“Where once a few strong columns could hold up the weight of the world, today we need a dynamic mix of materials and structures,” she told the Council on Foreign Affairs.

She was not referring to Kerry and Hagel specifically — yet they certainly measure up well to those architects she portrays as needed to guide America’s role in the world.

Kerry and Hagel have never steered me wrong.  Both men are candid about themselves and the role that the United States can and should aspire for the world. In the Senate, both men were outspoken – or aloof – because of their beliefs. Such behavior is considered a cardinal sin in Washington, D.C.

Both men know how to take a punch, and have, and know how to get back up. They have learned how to use wisdom gained and experiences that seared.

Accompanying Kerry on one of his first foreign trips as a senator to Central America, one saw how he acquired information at every moment, processing and then asking for more and conveying a confidence and friendliness the opened doors and minds on those he met.

That was a Kerry trademark, one shared by Hagel. Upon returning from a trip abroad, reporters would find themselves the ones handling questions from Kerry and Hagel, seeking insights and the words from the street and the human view of America that is not always available to those in official positions. Those conversations from both showed the depth of their understanding of situations – missed by many in Washington – and that more knowledge makes better decisions.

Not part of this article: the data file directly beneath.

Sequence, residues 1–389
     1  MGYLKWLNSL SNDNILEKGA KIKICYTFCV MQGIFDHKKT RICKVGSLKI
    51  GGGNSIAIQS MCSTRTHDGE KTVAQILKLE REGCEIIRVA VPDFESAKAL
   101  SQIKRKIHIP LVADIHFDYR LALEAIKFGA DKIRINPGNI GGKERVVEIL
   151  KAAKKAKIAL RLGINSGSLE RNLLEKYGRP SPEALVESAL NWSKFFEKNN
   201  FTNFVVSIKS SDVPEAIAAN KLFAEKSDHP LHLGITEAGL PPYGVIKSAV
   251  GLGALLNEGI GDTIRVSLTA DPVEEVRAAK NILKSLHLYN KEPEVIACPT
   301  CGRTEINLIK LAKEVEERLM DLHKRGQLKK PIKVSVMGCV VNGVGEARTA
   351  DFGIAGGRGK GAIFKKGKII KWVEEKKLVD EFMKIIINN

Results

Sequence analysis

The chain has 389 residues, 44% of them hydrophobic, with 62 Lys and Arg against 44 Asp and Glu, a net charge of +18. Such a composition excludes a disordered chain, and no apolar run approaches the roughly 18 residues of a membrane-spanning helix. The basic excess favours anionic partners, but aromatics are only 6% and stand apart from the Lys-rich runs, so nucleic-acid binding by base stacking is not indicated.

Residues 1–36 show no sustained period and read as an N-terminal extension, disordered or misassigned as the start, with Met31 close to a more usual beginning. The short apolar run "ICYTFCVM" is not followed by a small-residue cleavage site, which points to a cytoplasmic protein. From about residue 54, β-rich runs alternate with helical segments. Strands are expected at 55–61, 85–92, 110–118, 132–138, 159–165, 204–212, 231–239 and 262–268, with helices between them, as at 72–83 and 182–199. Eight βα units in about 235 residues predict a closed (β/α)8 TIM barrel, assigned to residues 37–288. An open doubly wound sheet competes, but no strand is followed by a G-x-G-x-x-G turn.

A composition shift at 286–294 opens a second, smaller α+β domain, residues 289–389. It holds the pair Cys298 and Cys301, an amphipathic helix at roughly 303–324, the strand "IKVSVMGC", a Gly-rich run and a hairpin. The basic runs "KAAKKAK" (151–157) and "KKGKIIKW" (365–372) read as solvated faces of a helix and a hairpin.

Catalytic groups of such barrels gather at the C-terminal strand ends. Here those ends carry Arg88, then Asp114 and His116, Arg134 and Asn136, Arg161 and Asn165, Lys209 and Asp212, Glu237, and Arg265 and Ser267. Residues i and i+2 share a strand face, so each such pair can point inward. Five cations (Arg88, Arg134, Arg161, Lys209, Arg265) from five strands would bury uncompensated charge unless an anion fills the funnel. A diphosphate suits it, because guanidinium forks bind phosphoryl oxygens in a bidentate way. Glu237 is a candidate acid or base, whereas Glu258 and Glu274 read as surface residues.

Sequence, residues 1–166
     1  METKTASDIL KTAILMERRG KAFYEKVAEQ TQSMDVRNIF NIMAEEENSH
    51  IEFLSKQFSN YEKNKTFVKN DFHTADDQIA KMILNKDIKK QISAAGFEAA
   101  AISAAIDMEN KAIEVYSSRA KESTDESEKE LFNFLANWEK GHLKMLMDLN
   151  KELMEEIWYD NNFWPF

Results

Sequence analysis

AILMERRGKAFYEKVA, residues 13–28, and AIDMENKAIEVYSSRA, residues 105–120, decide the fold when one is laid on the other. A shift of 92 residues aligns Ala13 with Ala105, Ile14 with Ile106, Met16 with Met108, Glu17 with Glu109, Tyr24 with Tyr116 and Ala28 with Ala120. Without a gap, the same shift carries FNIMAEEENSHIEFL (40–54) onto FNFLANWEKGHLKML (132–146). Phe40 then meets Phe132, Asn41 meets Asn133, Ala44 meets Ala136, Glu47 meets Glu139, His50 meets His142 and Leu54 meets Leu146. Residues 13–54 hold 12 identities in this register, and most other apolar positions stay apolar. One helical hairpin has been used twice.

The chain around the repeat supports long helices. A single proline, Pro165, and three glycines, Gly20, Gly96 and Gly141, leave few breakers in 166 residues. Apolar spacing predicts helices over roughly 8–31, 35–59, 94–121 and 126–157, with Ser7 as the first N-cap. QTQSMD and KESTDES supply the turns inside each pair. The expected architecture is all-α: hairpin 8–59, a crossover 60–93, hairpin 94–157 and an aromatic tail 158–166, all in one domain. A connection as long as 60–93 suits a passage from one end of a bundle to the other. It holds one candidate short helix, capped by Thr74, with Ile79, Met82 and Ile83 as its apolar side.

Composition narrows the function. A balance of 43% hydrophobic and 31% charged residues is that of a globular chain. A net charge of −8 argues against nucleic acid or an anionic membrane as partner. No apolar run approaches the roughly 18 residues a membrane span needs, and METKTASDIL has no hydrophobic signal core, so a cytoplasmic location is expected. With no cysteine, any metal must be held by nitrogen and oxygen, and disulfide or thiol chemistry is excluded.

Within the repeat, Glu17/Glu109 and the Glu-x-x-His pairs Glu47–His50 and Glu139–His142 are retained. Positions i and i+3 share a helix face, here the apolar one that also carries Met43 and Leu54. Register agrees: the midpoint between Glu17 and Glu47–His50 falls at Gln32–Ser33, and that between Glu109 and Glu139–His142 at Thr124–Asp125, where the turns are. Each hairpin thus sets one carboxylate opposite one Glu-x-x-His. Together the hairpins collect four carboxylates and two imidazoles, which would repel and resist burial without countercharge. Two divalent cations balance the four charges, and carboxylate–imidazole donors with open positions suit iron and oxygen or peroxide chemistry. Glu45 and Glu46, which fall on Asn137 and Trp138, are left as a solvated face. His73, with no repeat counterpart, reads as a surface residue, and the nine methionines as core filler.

Hagel would always break the ice by asking about my Jeep, our preferred means of ground transportation. We vowed never not to have one, at least in spirit – and that is a good analogy. The Jeep was put together for a need in a time of crisis, a solution to a problem at the moment – and it worked. Yet it also was designed to keep on working, the able to handle any situation, to adjust easily and cleverly, with guts and surprise and Yankee ingenuity. With modifications, it did so for decades.  It never failed.